Indeed, the timing of his leave is opportune. The recent school board election ensured that all seven board seats will soon be occupied by members who agree with Boasberg’s brand of reform, which includes cultivating a mix of charter and traditional schools, paying teachers based on performance and closing underperforming schools.

The board will name an acting superintendent on Dec. 1, according to a letter from board president Happy Haynes. Haynes wrote that the board has discussed Boasberg’s status in detail but felt it was right to formally address the matter at the Dec. 1 meeting, after the newly elected school board is sworn in.

Boasberg’s contract is set to renew for another two years starting Jan. 1. The contract sets his annual salary at $236,220 but does not provide for unpaid leave. Boasberg said the board will have to approve it.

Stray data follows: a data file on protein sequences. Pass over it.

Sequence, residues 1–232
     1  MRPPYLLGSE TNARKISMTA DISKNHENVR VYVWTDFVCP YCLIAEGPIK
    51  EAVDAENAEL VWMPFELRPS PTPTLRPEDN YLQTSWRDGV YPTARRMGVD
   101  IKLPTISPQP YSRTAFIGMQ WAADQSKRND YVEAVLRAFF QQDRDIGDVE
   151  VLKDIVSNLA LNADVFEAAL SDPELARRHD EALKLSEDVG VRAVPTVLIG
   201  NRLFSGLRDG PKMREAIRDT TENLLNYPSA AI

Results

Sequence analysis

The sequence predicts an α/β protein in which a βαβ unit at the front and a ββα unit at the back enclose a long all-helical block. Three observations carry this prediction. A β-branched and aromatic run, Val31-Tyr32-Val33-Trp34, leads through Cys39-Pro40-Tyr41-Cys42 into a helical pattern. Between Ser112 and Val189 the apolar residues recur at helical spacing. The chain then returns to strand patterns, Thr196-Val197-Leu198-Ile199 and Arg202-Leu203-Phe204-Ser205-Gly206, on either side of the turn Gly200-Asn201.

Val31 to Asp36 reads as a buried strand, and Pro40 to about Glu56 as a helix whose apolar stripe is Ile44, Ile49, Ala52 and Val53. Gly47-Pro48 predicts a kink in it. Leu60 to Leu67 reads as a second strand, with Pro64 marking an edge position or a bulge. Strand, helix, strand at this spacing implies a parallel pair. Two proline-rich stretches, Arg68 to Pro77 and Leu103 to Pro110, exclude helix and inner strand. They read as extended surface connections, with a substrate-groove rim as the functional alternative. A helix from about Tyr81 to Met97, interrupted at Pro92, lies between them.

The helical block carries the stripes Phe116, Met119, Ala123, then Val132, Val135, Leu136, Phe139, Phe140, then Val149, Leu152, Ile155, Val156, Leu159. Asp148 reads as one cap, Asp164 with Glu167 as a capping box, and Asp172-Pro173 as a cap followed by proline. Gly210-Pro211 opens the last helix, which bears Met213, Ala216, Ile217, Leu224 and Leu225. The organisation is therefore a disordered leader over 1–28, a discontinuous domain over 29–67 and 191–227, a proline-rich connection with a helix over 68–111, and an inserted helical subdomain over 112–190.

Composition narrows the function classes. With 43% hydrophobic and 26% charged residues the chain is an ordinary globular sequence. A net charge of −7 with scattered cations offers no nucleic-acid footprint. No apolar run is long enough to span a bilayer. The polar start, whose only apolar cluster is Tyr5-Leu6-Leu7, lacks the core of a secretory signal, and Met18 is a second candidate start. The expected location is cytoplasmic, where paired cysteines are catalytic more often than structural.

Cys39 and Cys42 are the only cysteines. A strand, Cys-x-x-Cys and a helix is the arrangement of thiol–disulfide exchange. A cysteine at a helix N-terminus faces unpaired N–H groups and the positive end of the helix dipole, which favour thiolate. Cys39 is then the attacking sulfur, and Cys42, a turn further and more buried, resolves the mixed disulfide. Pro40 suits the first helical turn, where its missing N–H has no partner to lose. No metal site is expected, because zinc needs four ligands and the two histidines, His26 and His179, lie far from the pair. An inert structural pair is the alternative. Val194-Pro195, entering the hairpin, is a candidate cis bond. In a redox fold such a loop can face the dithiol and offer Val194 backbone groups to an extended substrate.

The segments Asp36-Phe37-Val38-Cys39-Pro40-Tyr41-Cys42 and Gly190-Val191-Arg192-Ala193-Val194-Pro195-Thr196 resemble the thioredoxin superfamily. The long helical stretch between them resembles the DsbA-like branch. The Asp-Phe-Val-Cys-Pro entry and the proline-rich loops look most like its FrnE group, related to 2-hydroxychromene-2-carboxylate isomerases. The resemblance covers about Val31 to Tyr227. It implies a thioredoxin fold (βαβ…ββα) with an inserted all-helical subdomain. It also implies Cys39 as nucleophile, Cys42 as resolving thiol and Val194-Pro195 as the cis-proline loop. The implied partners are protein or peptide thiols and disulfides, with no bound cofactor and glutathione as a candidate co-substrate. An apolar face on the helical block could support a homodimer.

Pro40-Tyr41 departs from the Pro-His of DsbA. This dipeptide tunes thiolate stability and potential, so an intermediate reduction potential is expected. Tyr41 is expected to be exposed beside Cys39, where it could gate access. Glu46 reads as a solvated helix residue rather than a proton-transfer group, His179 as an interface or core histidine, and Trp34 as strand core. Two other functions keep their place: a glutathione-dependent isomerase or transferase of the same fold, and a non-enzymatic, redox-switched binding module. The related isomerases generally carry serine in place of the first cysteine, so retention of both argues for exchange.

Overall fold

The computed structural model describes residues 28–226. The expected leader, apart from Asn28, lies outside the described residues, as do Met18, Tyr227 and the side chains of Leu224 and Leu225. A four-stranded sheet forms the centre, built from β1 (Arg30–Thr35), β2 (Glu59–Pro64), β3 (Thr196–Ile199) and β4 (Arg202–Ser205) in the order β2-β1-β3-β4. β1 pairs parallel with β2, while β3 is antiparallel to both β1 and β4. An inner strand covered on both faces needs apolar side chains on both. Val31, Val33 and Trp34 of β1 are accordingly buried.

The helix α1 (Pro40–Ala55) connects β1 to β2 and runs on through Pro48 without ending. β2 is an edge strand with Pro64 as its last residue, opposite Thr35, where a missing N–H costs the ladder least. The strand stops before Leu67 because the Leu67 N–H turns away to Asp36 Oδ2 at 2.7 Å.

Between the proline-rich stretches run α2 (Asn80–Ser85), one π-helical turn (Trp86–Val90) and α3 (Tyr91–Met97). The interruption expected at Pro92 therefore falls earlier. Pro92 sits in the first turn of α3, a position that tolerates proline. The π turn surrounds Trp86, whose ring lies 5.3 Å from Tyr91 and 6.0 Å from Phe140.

The board’s next regular meeting is Thursday, but the sole new member, Lisa Flores, will not be sworn in until after that meeting’s agenda is complete. Flores is replacing Arturo Jimenez, the lone consistent critic of the Boasberg administration, in representing northwest Denver and other close-in neighborhoods that are part of District 5. Jimenez was term-limited.

Jimenez said Monday that he expects that the district will stay the course in the superintendent’s absence. To Jimenez, that’s a bad thing. DPS has become more of an authorizer of nonprofit charter schools than an educator of kids, he said.

He called Boasberg “the hired mercenary to ensure this all happens without full consideration to the community impact.” And he noted that he hadn’t heard about the superintendent’s planned leave until he got an email on Monday.